Lambriex discuss shipping Agro/produce to St. Maarten with DP World Port in DR
PHILIPSBURG—Minister of Tourism, Economic Affairs, Transportation & Telecommunication (TEATT), the Honourable Arthur Lambriex, is fulfilling a pledge from his predecessor to utilize the Dominican Republic as an Agricultural trading portal and is in the DR looking at shipment options for fresh, fruits and vegetables to St. Maarten, in his bid to reduce the cost of food to consumers.
Minister Lambriex and his executive assistant Jerome Gumbs visited the Caucedo Sea Port, operated by DP World, on Monday, 29 May. They were given a complete tour of the facility, including the storage warehouses and scanners with new state-of-the-art technology. DP World ships fresh, Healthy Organic Produce at affordable prices daily to Port-au-Prince, Haiti using its vessels. They recently expanded service weekly to San Juan, Puerto Rico. "My goal is to find a public/private partnership model that works for St. Maarten where we possibly subsidize the shipping cost for the Agricultural produce to keep costs down for our consumers," stated Minister Lambriex.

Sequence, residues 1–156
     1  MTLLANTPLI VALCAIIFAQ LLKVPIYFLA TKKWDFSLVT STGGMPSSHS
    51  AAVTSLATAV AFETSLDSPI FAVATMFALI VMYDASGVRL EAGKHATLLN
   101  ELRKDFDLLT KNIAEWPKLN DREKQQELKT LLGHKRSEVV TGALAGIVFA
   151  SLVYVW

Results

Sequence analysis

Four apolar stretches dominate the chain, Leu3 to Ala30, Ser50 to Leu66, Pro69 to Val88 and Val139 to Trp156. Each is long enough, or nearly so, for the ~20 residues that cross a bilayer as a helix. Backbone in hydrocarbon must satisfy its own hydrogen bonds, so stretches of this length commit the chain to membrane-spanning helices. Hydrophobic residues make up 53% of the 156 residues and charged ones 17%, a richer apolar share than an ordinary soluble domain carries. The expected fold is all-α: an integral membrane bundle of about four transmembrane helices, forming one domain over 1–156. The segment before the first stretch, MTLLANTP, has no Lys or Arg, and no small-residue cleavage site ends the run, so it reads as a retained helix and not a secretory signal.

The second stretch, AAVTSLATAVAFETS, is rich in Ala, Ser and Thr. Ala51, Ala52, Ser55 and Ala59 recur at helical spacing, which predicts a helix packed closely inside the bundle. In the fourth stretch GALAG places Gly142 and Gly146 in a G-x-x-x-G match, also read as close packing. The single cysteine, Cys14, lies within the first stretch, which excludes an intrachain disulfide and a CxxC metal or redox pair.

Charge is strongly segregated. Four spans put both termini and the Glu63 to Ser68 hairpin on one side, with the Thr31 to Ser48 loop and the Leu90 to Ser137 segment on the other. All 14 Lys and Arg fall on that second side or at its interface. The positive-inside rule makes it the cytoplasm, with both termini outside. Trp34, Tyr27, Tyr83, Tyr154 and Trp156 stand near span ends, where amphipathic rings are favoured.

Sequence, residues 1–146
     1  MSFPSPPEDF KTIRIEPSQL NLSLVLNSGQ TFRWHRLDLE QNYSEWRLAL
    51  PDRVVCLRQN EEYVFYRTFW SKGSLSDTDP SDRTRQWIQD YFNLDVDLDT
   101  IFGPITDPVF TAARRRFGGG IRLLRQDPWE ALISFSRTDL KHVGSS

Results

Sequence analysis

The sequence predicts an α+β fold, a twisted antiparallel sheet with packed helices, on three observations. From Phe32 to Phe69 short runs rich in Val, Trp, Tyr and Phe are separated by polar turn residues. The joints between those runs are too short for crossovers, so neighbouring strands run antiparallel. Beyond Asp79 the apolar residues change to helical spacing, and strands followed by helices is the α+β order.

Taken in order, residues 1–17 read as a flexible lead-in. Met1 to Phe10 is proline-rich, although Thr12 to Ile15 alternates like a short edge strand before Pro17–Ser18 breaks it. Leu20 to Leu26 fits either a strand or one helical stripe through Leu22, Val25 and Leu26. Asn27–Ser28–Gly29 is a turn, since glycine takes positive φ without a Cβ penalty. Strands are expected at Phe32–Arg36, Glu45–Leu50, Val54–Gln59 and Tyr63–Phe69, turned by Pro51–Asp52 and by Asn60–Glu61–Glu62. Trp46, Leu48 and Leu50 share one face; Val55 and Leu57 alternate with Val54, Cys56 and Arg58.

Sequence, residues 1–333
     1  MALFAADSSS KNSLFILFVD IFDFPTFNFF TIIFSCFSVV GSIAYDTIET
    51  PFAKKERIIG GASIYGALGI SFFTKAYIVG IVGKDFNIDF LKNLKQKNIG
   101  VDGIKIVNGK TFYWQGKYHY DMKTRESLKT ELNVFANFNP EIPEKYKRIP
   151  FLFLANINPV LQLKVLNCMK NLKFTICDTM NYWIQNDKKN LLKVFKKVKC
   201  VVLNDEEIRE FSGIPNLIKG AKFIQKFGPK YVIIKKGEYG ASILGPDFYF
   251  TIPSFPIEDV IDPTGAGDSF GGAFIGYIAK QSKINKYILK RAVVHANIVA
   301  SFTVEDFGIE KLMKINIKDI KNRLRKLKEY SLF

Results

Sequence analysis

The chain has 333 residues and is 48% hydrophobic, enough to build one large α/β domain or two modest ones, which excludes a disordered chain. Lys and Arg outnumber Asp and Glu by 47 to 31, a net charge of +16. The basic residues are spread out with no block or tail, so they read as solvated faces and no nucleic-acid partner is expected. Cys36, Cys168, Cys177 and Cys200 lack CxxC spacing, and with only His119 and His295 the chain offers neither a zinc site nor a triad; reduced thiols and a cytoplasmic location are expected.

He said St. Maarten was not just interested in the fresh fruits and vegetables but also wanted to take advantage of the high-quality Poultry that is available in the DR. "Many big brands such as IKEA, GOYA, HANES, and much more are now using Dominican Republic as a hub for their storage and transhipments to other Caribbean islands and with the DR's vast farmland, and proximity to St. Maarten, Minister Lambriex sees the possibility to drive food prices down if the proper measures are put in place to establish the supply route between the two countries.
His visit was a follow-up to the meeting held late last year by Acting TEATT Minister Omar Ottley, who then met with the Agribusiness board representatives to inquire about the Dominican Republic's ability to supply St. Maarten with agricultural products.
Minister Lambriex said that St. Maarten would benefit significantly from a partnership based on the current exchange rate, the low labour cost, and the vast farmlands, many with already established production.